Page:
I'm attempting to perform an intersection test using ray casting (not sure if correct term so please forgive me if not) and am outputting the intersections as a point cloud, and the point cloud shows curvature (on the Z-axis only, the point cloud is completely flat on the Y axis, and the horizontal axis in this image is the X axis): enter image description here

I borrowed concepts from the Scratchapixel site, specifically http://scratchapixel.com/lessons/3d-basic-rendering/minimal-ray-tracer-rendering-simple-shapes/ray-box-intersection.

Essentially, I am generating 16 rays, all with the same origin vector. The direction vectors start at +15 degrees on the YZ plane, and continue in increments of -2 degrees down to -15. I have an axis aligned bounding box that I am testing intersection with. I use a rotation transform to rotate the 16 rays CCW around the Z axis. I am performing the intersection test for all 16 rays each 0.1 degrees, and if it returns true, I add the point to the point cloud.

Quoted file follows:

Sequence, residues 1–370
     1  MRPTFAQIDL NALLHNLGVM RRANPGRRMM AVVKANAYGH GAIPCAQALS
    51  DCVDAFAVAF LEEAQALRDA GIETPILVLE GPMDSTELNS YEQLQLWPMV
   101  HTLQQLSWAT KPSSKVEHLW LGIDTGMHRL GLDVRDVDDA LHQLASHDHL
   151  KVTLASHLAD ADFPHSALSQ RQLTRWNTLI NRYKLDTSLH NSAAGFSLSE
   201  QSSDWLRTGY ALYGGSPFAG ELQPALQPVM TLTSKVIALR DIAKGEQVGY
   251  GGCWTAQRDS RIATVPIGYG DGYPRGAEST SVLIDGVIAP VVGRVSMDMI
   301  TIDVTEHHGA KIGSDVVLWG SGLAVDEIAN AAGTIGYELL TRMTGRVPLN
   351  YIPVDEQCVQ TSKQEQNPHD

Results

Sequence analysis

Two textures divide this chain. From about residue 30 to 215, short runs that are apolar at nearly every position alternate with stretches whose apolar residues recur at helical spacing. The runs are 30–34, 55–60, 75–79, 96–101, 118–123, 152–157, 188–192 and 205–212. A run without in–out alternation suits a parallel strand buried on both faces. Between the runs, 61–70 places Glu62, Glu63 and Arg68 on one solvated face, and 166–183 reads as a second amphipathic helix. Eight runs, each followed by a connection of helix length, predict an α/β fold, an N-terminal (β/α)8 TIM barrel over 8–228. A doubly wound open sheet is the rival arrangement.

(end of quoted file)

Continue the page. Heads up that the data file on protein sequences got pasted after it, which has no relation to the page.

Here's my intersection code:

bool test_intersect(Box b, Ray r, Vec3f& intersect_point)
    float txmin = 0.0f, txmax = 0.0f, tymin = 0.0f, tymax = 0.0f, tzmin = 0.0f, tzmax = 0.0f;
    float t_min = 0.0f, t_max = 0.0f, t = 0.0f;

    // Determine inverse direction of ray to alleviate 0 = -0 issues
    Vec3f inverse_direction(1 / r.direction.x, 1 / r.direction.y, 1 / r.direction.z);

    // Solving box_min/box_max0 = O + Dt 
    txmin = (b.box_min.x - r.origin.x) * inverse_direction.x;
    txmax = (b.box_max.x - r.origin.x) * inverse_direction.x;
    tymin = (b.box_min.y - r.origin.y) * inverse_direction.y;
    tymax = (b.box_max.y - r.origin.y) * inverse_direction.y;
    tzmin = (b.box_min.z - r.origin.z) * inverse_direction.z;
    tzmax = (b.box_max.z - r.origin.z) * inverse_direction.z;

    // Depending on direction of ray tmin may > tmax, so we may need to swap
    if (txmin > txmax) std::swap(txmin, txmax);
    if (tymin > tymax) std::swap(tymin, tymax);
    if (tzmin > tzmax) std::swap(tzmin, tzmax);

    t_min = txmin;